Axl Rose still lives in the house that sits high above Malibu, where Latigo Canyon Road twists and narrows, and a perilous drop lies just feet from the wheels of approaching vehicles. A hidden gate with a camera-equipped call-box guards the entrance to a four-acre estate. It was here in October 2005, at the entrance to this prime piece of Southern California real estate, that Axl said his ex-Guns N’ Roses bandmate Slash arrived “unannounced at 5am” and made disparaging remarks about Duff McKagan, Matt Sorum and Scott Weiland, who were then his colleagues in Velvet Revolver.
It was the peak of an acrimonious fall-out that meant the ‘most dangerous band in the world’ were now communicating only via their lawyers. The reunion dreamed of by fans seemed as distant as Axl’s mountain-top house. Matters were seemingly put beyond doubt in 2009, when Axl called Slash “a cancer” in a rare interview with Billboard magazine. “What’s clear is that one of the two of us will die before a reunion,” said Axl.
Jump forward to the summer of 2014. Axl and Slash secretly formalise agreements that they will sign off on the mutually written material performed on their respective bands’ DVD releases. In February 2015, Slash tweets birthday greetings to Axl, which suggested a thaw in rock’s most high-profile cold war. The following May he tells the CBS This Morning programme: “A lot of the tension… has dissipated. Over time we all just got sick and tired of the black cloud. The biggest thing that happens when you have a break-up that is less than harmonious is you build up a bad energy because of the distance.” In August, Slash tells Swedish television that he and Axl have met and reconciled. “It was probably way overdue, you know. But it’s very cool at this point.”
As this happens, the Chinese Democracy-era line-up of Guns N’ Roses reaches a natural end with a second residency in Las Vegas. Latter-day members DJ Ashba, Ron ‘Bumblefoot’ Thal and Tommy Stinson melt away. With both Axl and Slash on good terms with Duff McKagan, the road to a reunion is clearer than it has been for a decade.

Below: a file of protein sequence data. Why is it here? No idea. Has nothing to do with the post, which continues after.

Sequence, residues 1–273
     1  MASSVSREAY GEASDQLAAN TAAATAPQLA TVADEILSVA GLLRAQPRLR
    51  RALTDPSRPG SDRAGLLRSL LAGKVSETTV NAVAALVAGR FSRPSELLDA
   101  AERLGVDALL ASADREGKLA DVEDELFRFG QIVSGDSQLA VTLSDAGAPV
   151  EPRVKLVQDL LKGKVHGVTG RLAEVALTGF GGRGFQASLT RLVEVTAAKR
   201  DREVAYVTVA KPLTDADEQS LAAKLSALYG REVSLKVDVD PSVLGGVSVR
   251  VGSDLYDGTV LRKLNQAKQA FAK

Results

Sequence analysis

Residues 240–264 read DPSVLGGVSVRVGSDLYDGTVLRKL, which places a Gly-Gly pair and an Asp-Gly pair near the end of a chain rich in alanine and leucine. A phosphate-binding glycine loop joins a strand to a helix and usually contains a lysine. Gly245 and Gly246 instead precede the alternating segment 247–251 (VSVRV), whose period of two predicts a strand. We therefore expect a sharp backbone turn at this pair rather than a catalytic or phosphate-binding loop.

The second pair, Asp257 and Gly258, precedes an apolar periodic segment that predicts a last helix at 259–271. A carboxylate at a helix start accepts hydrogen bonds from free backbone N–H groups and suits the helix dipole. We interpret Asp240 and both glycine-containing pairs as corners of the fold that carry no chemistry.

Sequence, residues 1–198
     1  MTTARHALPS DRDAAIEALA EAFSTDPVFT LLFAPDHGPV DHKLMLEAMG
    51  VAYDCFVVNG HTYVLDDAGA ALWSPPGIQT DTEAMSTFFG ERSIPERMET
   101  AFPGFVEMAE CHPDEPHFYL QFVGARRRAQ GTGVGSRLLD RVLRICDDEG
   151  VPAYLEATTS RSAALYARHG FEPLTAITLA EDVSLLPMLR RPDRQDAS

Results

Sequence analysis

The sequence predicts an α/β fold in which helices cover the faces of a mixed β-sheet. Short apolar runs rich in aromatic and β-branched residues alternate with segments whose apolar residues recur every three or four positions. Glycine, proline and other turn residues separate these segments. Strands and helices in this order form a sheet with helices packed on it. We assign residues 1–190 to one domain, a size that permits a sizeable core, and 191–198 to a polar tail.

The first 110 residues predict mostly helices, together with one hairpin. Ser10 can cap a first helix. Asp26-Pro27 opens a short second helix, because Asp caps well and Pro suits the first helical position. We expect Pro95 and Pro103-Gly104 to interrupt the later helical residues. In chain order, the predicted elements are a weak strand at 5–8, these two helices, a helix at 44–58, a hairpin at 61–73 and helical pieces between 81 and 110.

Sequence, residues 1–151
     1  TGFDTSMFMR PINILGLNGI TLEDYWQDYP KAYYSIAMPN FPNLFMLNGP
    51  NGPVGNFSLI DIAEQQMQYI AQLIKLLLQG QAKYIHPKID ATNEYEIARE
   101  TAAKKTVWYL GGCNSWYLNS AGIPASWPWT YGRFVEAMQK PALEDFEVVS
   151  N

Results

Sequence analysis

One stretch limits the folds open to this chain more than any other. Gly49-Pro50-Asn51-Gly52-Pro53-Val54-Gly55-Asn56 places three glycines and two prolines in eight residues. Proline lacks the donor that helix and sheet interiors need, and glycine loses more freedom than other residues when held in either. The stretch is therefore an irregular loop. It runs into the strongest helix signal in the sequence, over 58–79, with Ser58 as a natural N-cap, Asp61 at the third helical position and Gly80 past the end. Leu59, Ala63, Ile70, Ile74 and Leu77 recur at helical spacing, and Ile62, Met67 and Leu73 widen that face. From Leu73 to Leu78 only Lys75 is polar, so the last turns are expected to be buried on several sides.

On January 5, 2016 the news is confirmed in a statement: “Upholding a three-decade tradition of breaking ground, creating trends, and forever changing the face of rock’n’roll, Guns N’ Roses announce the most significant music event of this century. Founder Axl Rose and former members Slash and Duff McKagan will regroup to headline the Coachella Music & Arts Festival (April 15-17 & April 22-24). The performances will mark the first time since 1993 the Gunners will share the stage for what is certain to be an explosive event.”
It’s so easy, right? Like the old song says.
The Guns N’ Roses reunion was the worst-kept secret in the music industry. To anyone paying attention, Slash’s birthday tweet to Axl suggested a detente, while Duff made his peace with the singer years ago, even standing in for Tommy Stinson on a GN’R South American tour in 2014. But a speculative reunion took several steps closer to becoming reality in December 2014 when Slash announced his divorce from wife Perla Hudson – an unpopular figure in GN’R circles.
“There are lots of reasons to re-form now,” says Arlett Vereecke, the LA publicist who has been associated with the band since their early days. “Axl has been saying it for a couple of years, and basically the main reason is that Slash is available without the attachment of a bitchy wife. Axl has being saying for two years that this year he would put it back together. When that divorce was in the making, it went all forward really fast.”